So, barrels of guns have no rifling: now firearms are both deadly and inaccurate. A man with a crossbow can wound the target, or a man with a musket can destroy something nearby.
Except rifled guns only became the standard infantry weapon in the 19th century.
Smoothbore muskets had already replaced bows completely by the 17th century in Europe, and by the end of the 1600s pikes disappeared so that infantry was overwhelmingly armed with shot as their primary weapon.
Rifling has existed since atleast the 15th century in hunting and duelling pieces. It just never became the standard until hundreds of years later, as smoothbore guns had a number of advantages as a military weapon.
I mean, it's a fantasy world. Technically there's nothing stopping you from eyeballing the trajectory of a bullet by looking at the gun barrel and putting your sword in front of it, and with medieval guns there's a bit of a delay between when the trigger is pulled and when the gun actually fires due to the amount of time the primer in the pan takes to burn (or, with a flintlock, that plus the time it takes sparks to fall from the frizzen). In theory even an ordinary human could do it, so if you're an elf with superhuman reflexes and keen vision or whatever, even better.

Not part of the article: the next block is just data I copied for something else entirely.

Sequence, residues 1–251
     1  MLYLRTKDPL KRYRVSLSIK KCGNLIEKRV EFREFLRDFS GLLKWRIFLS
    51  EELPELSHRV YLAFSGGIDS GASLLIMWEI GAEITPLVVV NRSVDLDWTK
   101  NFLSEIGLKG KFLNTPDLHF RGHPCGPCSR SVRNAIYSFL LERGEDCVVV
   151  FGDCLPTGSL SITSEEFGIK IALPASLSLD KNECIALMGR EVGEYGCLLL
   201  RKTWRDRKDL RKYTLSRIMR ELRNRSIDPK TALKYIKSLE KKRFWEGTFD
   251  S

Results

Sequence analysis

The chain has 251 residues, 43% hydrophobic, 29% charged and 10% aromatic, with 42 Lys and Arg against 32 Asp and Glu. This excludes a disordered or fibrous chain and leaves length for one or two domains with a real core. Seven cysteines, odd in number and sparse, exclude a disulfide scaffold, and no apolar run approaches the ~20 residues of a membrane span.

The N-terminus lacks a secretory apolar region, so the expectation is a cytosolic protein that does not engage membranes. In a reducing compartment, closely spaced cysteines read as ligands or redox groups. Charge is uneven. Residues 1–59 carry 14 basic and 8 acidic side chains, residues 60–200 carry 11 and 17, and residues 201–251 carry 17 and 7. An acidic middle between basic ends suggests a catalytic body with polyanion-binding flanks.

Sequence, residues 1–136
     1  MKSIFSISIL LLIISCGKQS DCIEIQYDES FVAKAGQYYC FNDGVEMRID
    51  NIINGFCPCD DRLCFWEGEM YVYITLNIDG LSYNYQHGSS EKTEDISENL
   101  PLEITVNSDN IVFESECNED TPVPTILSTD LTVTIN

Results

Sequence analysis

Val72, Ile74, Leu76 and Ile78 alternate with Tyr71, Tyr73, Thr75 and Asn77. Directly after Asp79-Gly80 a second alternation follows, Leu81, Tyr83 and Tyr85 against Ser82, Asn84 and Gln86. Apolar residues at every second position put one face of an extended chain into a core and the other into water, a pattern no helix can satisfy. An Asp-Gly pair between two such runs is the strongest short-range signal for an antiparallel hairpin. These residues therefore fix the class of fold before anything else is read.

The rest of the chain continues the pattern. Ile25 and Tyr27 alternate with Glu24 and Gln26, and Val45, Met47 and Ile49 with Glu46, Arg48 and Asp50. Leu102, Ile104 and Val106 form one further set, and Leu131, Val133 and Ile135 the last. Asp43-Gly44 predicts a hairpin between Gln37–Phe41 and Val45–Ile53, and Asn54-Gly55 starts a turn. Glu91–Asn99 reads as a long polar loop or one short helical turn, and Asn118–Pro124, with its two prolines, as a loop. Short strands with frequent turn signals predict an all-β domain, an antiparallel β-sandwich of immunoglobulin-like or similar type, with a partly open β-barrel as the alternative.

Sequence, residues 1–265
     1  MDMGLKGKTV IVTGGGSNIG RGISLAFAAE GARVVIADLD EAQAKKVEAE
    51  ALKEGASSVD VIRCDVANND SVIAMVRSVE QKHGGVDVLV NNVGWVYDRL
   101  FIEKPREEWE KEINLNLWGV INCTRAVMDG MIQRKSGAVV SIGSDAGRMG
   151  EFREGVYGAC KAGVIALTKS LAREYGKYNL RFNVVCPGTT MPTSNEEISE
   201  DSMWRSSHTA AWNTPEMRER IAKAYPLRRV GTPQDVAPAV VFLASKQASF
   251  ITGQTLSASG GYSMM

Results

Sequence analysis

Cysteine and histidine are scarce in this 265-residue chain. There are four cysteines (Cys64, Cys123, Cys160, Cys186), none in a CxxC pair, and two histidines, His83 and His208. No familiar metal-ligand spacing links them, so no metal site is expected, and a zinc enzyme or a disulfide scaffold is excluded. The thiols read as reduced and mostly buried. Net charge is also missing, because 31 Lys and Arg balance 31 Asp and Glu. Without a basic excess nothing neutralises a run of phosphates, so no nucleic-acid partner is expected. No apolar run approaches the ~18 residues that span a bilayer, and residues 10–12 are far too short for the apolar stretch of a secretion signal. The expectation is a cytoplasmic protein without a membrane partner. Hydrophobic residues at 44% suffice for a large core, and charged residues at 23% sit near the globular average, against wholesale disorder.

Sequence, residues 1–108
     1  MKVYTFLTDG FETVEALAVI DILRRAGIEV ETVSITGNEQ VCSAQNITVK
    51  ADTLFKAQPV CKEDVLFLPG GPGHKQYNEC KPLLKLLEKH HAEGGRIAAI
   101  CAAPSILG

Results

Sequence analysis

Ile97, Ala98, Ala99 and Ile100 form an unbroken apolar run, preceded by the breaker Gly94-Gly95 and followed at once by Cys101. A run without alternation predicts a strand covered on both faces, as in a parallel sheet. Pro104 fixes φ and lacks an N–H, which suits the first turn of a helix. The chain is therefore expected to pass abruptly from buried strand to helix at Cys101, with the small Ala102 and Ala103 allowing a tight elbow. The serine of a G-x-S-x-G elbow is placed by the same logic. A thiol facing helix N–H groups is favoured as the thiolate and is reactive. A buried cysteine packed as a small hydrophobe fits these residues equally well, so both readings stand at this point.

honk honk, here comes your armor support
Didn't the Chinese have gunpowder, and just not use it for weapons? You could have gunpowder still be a thing, but no one uses it for weapons because of some religious/cultural belief. Maybe some old king fired the first one and it blew up in his face, so now everyone worries about the "Cure of King Gregory" or whatever, and won't touch them
I'd say around the time of the invention of the wheellock.
While the matchlock required a burning match to fire, making it impractical for wet or windy weather, time-consuming to prepare to fire, and emit light, the wheellock could be carried primed and ready to fire at all times and holstered or concealed beneath clothing; it had an integrated safety and was easy to load, at the cost of being mechanically more complex. Unlike a crossbow, the ammunition was extremely light and compact, meaning a great deal more could be carried.
Overall I'd call it a practical weapon for the discerning adventurer, albeit expensive.
The effectiveness of early guns is kind of related to a lot of stuff that's not always translated well into random murderhobo adventuring.
Like people not wanting to rush you even if you can't reload before the rest gets you, because they don't want to die.
Or guns being awesome because hurting someone before he's close enough to hurt you is fantastic. Until you're a superhuman with a sword who somehow survives 5 sword thrusts.